By Alan Grant, Chuck Dixon, Norm Breyfogle, Tom Lyle & various (DC Comics)
No matter how hard creators try to avoid it or escape it, Batman and Robin are an inevitable pairing. The first one graduated, the second died (sort of, more or less, leave it, don’t go there) and the third, Tim Drake, volunteered and applied pester-power until he got the job…
Reprinting Batman #455-457 and the first Robin miniseries (#1-5), this volume shows how the plucky young computer whiz convinced the Gotham Guardian to let him assume the junior role in a cracking adventure yarn that has as much impact today as when it first appeared nearly twenty years ago.
‘Identity Crisis’ by Alan Grant, Norm Breyfogle and Steve Mitchell finds the newly orphaned (or as good as: his mother is dead and his dad’s in a coma) Tim Drake as Bruce Wayne’s new ward but forbidden from participating in the life of the Batman. The kid is willing and competent, after all, he deduced Batman’s secret identity before he even met him, but the guilt-racked Dark Knight won’t allow any more children to risk their lives…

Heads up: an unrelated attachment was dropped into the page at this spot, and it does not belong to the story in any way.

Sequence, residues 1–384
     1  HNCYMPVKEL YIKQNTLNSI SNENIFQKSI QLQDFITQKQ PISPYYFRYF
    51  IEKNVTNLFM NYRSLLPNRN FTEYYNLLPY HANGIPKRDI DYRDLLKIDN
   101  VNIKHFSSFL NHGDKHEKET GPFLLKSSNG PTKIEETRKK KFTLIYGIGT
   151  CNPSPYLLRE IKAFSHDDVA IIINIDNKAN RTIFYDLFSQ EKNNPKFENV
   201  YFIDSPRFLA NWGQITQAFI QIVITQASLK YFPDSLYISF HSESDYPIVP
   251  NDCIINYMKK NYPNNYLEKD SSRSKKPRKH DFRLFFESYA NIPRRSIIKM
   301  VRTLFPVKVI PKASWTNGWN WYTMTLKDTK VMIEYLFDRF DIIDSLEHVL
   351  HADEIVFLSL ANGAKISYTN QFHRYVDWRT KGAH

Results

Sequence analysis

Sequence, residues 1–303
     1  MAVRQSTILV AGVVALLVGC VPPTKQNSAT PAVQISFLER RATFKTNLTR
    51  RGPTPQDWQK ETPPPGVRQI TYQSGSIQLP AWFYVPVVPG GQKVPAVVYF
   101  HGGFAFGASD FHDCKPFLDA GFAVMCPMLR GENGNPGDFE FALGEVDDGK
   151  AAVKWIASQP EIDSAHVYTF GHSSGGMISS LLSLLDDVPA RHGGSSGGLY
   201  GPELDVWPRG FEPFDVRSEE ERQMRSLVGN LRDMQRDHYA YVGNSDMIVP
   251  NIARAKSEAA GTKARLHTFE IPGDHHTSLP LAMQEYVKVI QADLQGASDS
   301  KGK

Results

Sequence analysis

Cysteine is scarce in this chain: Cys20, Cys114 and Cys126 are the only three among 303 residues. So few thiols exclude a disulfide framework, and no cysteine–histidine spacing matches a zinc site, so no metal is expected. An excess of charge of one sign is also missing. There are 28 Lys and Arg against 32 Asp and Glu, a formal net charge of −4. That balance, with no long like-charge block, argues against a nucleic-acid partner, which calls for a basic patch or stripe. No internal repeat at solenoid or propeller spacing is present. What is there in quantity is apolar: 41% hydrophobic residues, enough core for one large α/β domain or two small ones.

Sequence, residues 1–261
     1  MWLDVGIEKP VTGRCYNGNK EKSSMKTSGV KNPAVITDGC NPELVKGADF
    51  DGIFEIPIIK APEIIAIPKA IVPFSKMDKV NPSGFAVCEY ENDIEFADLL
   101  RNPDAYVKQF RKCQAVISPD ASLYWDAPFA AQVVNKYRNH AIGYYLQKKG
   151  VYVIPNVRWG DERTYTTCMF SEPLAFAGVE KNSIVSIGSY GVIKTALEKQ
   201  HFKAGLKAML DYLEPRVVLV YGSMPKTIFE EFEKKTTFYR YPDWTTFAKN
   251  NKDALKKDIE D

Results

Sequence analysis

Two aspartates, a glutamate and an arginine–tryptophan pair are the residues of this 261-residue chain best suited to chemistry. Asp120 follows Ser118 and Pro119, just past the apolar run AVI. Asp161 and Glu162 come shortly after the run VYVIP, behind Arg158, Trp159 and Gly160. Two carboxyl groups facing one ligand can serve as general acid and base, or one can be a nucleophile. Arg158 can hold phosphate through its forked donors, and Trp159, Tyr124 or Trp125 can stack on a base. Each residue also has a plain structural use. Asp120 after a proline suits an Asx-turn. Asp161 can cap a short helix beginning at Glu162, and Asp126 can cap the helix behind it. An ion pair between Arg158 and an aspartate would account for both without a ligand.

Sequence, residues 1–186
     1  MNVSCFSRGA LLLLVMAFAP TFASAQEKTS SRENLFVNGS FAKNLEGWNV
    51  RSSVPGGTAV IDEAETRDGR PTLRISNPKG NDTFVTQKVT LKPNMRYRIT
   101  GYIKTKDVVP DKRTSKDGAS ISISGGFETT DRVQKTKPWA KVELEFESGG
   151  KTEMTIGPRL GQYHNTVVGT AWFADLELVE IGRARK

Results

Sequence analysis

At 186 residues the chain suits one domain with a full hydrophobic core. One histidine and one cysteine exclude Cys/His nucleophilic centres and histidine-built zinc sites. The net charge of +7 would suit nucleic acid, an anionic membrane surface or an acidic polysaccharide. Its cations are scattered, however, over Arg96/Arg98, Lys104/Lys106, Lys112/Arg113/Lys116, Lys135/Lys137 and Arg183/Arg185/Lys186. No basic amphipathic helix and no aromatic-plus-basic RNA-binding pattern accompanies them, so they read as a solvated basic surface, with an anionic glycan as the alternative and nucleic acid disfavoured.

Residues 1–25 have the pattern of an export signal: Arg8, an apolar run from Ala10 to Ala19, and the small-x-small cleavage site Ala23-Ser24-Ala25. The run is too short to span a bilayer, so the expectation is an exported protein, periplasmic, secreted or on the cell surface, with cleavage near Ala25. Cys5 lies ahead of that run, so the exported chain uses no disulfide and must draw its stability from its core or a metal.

However when an old foe lures the lone avenger into an inescapable trap Tim must disobey Batman’s express orders to save him, even if it means his own life… or even the new home he’s just beginning to love.
Following on the heels of that landmark saga Robin got a new costume and a try-out series. Writer Chuck Dixon, and artists Tom Lyle and Bob Smith relate the tale of the apprentice hero’s journey to Paris, ostensibly to train in secret, but which devolves into a helter-skelter race-against-time, as the murderous martial artist Lady Shiva leads the lad into a deadly battle against the Ghost Dragon Triad and Hong-Kong crime-lord King Snake for possession of a Nazi terror weapon.
There’s a breakneck pace and tremendous vivacity to this uncomplicated thriller that would rouse a corpse whilst the exotic scenarios make ‘Big Bad World’ a coming of age tale that any reader of super-hero fiction would adore.
This book is a lovely slice of sheer escapist entertainment and a genuine Bat-classic. If you don’t own this you really should.
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